The team started building a full-scale airframe from carbon fiber and fiberglass after flight-testing a half-scale proof-of-concept model. The target weight is 474 lb (215 kg), including a passenger/pilot.
The team displayed the uncompleted airframe in California and still had to optimize the propulsion system and avionics before the aircraft could start test flights. Helium Aero envisions a world where large drones occupy the skies and do far more than just carry humans around.
The Raven team was founded by Irakli Shengelia and is based in Tbilisi, the capital city of the Republic of Georgia. They named the first prototype “Raven,” because the raven is considered a very smart urban bird and “a great pilot.”
The team displayed a hang glider with a pair of electric motors at the GoFly event. The operational concept is circular-wing tailsitter with eight ducted fans, four on each surface of the wing. Raven has been seeking investors to help develop its aircraft design.
rFlight was formed by members from rLoop, a global crowdsourced volunteer engineering team originally founded in 2015 to compete for the Hyperloop Pod Competition sponsored by SpaceX.
The rWing design on Phase 1 was a delta-wing VTOL tailsitter concept with a pair of side-by-side, 48 inch (122 cm) diameter counterrotating propellers. This was followed by N271RL in Phase 2, which is a delta-wing tailsitter with 145 hp (108 kW) two-cycle gasoline engine powering a single set of 68 inch (173 cm) diameter counter-rotating propellers.
The delta wing incorporates features found on short takeoff and landing (STOL) aircraft, said designer Keith Stormo of Moscow, Idaho. There are six fixed slats on the leading edge to maintain laminar flow over the wing at high angles of attack and generate significant lift, even at 40 degree angle of attack, which means “a shorter transition from vertical to near vertical flight and a lower stall speed,” said Stormo. The sloped drooped Hoerner wingtips, “give the wing an effective length that is six-to-eight inches [15–20 cm] longer at each tip, providing a 15 percent gain” in wingspan.
Four sets of three vanes behind the propellers function as flaperons (combined flaps and ailerons) and can deflect the thrust in any direction by up to 30 degrees.
The propulsion system has been tested on a 600-lb (2700-kg) “iron bird” tethered beneath a crane. The prototype featuring an aluminum wing was displayed at Moffett Federal Field and will be remotely piloted during planned test flights at the Pendleton UAS test site in Oregon.
“Our normal flight profile will be to climb vertically to 2,000 feet [600 m] in about 30 to 45 seconds and then nose over and swoop down 1,000 feet [300 m], gaining speed, and then fly horizontally. In the event of trouble, we could fire the ballistic parachute and recover our vehicle with very little damage,” said Stormo.
Since February, “we have been developing an alternate hybrid power system to install in the aircraft after we complete testing with current gasoline engine,” said Stormo, adding that the team is also seeking additional funding.
Students at RMIT University in Melbourne, Australia, got their first taste of the GoFly Prize about two and half years ago when a Phase 1 team was formed under the mentorship of Glenn Neal Martin, the designer of the original Martin Jetpack (which used ducted fans). It was a single-duct counter-rotating propeller, hybrid-electric configuration.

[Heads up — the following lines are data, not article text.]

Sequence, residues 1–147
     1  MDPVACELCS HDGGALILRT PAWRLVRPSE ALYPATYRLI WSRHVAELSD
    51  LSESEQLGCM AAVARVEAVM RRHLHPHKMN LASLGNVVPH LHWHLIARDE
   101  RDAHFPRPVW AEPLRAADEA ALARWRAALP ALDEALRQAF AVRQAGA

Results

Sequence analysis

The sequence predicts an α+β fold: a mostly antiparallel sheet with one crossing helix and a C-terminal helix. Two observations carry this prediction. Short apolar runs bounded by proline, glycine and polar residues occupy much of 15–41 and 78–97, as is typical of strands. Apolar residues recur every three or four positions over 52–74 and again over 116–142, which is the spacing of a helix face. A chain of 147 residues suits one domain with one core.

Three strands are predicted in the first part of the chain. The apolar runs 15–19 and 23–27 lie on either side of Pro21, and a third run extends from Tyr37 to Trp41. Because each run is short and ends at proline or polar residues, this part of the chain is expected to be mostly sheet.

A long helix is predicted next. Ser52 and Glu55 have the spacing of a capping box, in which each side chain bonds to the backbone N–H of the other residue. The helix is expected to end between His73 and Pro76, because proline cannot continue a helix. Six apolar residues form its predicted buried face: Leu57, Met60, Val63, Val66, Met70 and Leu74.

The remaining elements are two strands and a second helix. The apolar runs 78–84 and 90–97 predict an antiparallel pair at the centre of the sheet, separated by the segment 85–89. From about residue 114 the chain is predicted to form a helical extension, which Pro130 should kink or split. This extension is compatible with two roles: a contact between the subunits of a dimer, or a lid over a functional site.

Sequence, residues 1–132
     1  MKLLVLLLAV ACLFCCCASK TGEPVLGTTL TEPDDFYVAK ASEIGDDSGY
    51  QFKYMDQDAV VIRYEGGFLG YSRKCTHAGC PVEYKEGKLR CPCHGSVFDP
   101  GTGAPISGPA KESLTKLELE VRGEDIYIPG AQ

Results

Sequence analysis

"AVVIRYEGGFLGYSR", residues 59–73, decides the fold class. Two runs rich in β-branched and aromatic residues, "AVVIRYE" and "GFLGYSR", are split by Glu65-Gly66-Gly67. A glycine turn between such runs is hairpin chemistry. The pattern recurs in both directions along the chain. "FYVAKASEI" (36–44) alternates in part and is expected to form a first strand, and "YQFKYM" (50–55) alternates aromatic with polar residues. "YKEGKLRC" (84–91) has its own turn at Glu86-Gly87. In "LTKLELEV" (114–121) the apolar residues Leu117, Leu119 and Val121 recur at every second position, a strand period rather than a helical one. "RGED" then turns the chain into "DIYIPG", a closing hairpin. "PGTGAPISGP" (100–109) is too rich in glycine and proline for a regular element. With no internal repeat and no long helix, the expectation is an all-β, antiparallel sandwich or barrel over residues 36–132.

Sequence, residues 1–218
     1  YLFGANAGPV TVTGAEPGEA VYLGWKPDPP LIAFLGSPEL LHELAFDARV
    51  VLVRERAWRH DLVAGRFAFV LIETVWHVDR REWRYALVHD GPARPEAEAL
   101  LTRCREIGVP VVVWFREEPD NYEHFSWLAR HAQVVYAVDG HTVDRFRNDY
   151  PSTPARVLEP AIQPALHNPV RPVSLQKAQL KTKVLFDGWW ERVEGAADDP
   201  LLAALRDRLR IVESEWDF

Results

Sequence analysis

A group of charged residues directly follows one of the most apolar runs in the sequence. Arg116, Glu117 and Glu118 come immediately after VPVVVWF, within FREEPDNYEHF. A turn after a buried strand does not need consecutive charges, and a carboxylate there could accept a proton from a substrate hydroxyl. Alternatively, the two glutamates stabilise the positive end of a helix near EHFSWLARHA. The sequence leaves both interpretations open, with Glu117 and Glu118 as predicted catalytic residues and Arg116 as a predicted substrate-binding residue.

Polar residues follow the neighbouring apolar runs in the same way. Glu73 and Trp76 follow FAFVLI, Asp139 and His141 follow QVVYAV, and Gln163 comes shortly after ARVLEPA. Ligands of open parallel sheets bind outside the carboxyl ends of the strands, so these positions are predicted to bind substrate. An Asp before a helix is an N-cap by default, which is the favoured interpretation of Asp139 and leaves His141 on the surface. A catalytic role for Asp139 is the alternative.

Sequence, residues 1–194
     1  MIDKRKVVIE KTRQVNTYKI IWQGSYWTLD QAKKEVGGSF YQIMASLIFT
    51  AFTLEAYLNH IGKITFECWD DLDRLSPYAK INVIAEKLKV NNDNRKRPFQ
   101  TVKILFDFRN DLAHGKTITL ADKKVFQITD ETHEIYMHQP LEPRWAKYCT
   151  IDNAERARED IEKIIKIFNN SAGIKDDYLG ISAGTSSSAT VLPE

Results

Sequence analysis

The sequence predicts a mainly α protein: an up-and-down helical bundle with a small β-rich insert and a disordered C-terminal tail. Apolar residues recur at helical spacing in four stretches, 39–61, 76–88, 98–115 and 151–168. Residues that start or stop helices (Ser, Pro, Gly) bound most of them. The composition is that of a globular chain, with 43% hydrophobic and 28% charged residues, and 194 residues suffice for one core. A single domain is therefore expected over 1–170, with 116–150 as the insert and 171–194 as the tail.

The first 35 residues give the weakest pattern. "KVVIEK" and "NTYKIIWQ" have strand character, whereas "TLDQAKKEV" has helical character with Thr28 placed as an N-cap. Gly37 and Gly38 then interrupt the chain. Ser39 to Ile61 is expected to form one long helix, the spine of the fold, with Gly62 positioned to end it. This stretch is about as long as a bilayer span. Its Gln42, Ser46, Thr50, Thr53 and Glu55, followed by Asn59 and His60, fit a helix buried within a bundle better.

A new Phase 2 team built a full-scale quadcopter as a proof of concept aircraft after conducting lots of small model tests only to discover that “the biggest limitation was that the aircraft had only three minutes of battery life, so we decided to build an aircraft with larger rotors,” said Stephen Hardiman, the RMIT team leader (who has since graduated).
This coaxial rotor design had two three-bladed, 72- inch (182-cm) diameter propellers inside a carbon fiber duct powered by two 30 kW motors to provide lift and yaw. Pitch and roll authority were provided by eight 5-inch (13-cm) diameter thrusters, each powered by pairs of 5-kW motors attached to the outside of the duct.
The team then added a 10-inch (25-cm) diameter thruster producing 35 lb (156 N of thrust to increase the cruise speed for the competition. A subscale model was used to validate the control system “because no one had done this before. We succeeded and it flew really well, which was really, really exciting!” said Hardiman.
The four-member RMIT team completed building the vehicle two days before they flew to California to attend the GoFly competition. The aircraft remained in Australia and has been locked away at RMIT because of the coronavirus.
“GoFly has been such a driving part of my life for the last 2.5 years. It’s the best experience I have ever had in my life… it’s been life changing,” said Hardiman.
Most of the members of the Phase 3 team have since graduated. A new team of students is working on eVTOL designs at the university and may form a new competition-compliant company to pursue the GoFly prize if funding is forthcoming.
RMIT’s Dr. Graham Dorrington provided this update, “Prof. Pier Marzocca remains the overall lead for this activity within RMIT University. We regard our involvement in the GoFly competition as an inspirational educational activity with some useful research aspects, e.g., applying our expertise in high fidelity CFD modelling and digital twins.”